As part of the summer school, we broke into groups and had a ‘super problem’ to work on throughout the week. The group I was in was thinking about what would happen to the Baltic Sea if the climate suddenly changed from high humidity and precipitation to dry and arid conditions. We then had to present these problems, but not in the usual sense. Instead, we were asked to creatively present them in any format we liked. Our group chose to act out what would happen to a narration of the tale of the Salty Balty. This session was extremely enjoyable and I was very impressed with what all the groups were able to achieve in the week and the level of creativity that everyone showed.

It was not all science. We had a very engaging panel discussion about scientific communication/outreach. We also took a small hike up into the neighbouring hills. This very beautiful walk also served as another place for conversation, both science and not, and was capped off by having some spectacular apple cake at a café situated at the top of the climb.

28th General Assemble of International Union of Geodesy and Geophysics

This international conference was a great opportunity to meet researchers from abroad in my field, as well as present my work to a wider audience. The conference was held at the city cube in Berlin and whilst it was a very large conference, the oceanography symposium (IAPSO, whose president is none other than Emeritus Professor Trevor McDougall) was not so large that it made it difficult to meet people. 

There were also a large number of people attending who had been at the Physics of the Ocean summer school the preceding week. This, along with the people I already knew from Australia, made it a very enjoyable conference to be part of.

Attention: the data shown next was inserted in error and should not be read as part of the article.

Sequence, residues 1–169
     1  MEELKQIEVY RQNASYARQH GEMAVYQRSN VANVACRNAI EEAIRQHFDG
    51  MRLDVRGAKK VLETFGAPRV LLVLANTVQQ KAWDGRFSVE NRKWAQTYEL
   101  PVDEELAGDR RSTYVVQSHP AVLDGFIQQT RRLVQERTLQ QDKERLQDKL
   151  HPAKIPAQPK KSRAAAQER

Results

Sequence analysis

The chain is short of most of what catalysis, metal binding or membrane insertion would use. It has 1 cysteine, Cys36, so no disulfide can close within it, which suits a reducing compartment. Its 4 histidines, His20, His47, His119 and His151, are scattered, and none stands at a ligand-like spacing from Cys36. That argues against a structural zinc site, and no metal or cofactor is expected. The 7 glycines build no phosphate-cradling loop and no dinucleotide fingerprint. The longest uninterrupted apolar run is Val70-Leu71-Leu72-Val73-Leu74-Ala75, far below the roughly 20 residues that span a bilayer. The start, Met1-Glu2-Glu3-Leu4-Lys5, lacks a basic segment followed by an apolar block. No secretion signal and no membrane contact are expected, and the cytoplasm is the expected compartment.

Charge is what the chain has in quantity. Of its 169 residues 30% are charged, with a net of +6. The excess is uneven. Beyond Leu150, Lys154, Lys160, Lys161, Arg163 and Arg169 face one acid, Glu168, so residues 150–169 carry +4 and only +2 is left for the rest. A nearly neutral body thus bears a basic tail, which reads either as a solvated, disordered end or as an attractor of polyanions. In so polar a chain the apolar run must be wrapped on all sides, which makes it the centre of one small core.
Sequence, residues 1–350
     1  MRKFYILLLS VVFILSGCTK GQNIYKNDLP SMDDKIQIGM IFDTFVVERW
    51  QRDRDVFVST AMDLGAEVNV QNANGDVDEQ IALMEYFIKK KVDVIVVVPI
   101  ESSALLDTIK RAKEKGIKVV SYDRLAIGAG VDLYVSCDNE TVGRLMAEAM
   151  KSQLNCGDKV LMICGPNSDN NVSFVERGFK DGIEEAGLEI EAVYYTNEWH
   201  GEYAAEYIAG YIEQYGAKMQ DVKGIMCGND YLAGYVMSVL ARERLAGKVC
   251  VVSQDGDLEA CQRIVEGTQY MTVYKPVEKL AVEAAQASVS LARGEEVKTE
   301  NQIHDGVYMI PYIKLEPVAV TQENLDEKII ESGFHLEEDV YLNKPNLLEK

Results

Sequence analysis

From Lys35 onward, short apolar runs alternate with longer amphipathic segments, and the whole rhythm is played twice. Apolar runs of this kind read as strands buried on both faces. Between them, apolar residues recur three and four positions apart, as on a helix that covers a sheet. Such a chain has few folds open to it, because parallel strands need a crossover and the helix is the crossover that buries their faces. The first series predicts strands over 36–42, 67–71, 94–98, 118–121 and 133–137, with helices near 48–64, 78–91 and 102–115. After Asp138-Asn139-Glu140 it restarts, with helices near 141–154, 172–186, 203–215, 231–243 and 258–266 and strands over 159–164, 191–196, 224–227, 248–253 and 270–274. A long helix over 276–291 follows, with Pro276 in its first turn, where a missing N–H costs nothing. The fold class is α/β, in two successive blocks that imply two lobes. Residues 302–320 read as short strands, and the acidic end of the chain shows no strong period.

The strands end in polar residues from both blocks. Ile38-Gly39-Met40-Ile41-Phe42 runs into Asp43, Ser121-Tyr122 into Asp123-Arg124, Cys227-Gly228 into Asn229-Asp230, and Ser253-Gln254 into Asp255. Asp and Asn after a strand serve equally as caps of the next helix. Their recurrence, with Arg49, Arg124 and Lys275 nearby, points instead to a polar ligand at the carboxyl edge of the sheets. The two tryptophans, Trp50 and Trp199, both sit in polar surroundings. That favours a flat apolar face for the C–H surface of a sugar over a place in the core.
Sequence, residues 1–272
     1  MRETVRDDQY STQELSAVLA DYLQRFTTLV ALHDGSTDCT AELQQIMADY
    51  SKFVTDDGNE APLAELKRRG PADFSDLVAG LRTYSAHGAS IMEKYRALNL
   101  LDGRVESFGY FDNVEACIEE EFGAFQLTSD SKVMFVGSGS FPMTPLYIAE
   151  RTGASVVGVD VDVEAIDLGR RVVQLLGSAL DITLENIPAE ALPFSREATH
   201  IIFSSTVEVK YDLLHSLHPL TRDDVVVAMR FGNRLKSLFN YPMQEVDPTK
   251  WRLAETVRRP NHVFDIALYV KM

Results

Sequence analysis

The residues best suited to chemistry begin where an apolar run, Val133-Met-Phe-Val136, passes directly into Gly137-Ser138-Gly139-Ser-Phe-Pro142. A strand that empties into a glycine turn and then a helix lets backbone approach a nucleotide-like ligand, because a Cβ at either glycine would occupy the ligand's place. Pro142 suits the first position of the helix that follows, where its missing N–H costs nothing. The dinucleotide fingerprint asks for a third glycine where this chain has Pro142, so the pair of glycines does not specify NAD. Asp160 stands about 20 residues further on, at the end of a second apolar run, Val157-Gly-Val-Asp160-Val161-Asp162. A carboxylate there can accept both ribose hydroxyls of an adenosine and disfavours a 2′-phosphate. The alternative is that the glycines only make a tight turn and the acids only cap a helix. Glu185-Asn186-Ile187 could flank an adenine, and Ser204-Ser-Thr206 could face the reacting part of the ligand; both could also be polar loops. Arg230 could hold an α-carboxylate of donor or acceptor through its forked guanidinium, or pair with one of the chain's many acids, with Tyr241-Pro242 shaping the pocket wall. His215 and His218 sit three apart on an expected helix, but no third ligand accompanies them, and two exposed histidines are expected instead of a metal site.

There were many excellent talks from which I learnt a lot. I also had a meeting with a researcher, Casamir de Leverange, who my supervisor put me in touch with. This was extremely good as Casamir immediately saw the utility of the work that we have been doing thus far in my PhD. This will likely lead to a collaboration at some point, possibly even for the third project of my PhD.

It was also great to be able to give an oral presentation at this conference. This led to meeting another PhD student who is studying in the Netherlands and focusing on the topic I presented on (isopycnal mixing). We found we had much in common and it was nice to be able to share ideas and possible future collaborations on the open-source software we both use.

Similar to the summer school it was also great to meet many scientists outside of the research arena to make new friends in the oceanography field.

Mr Josef Bisits is an ACEAS PhD student based at UNSW. He looks at the role of heat and circulation in the circum and East Antarctic.

The Michael Tallis PhD Research Travel Award is awarded to two students each year with the aim of providing international learning, research and networking opportunities for PhD candidates studying Statistics or Data Science at the UNSW School of Mathematics & Statistics. ACEAS provided some additional support for the journey.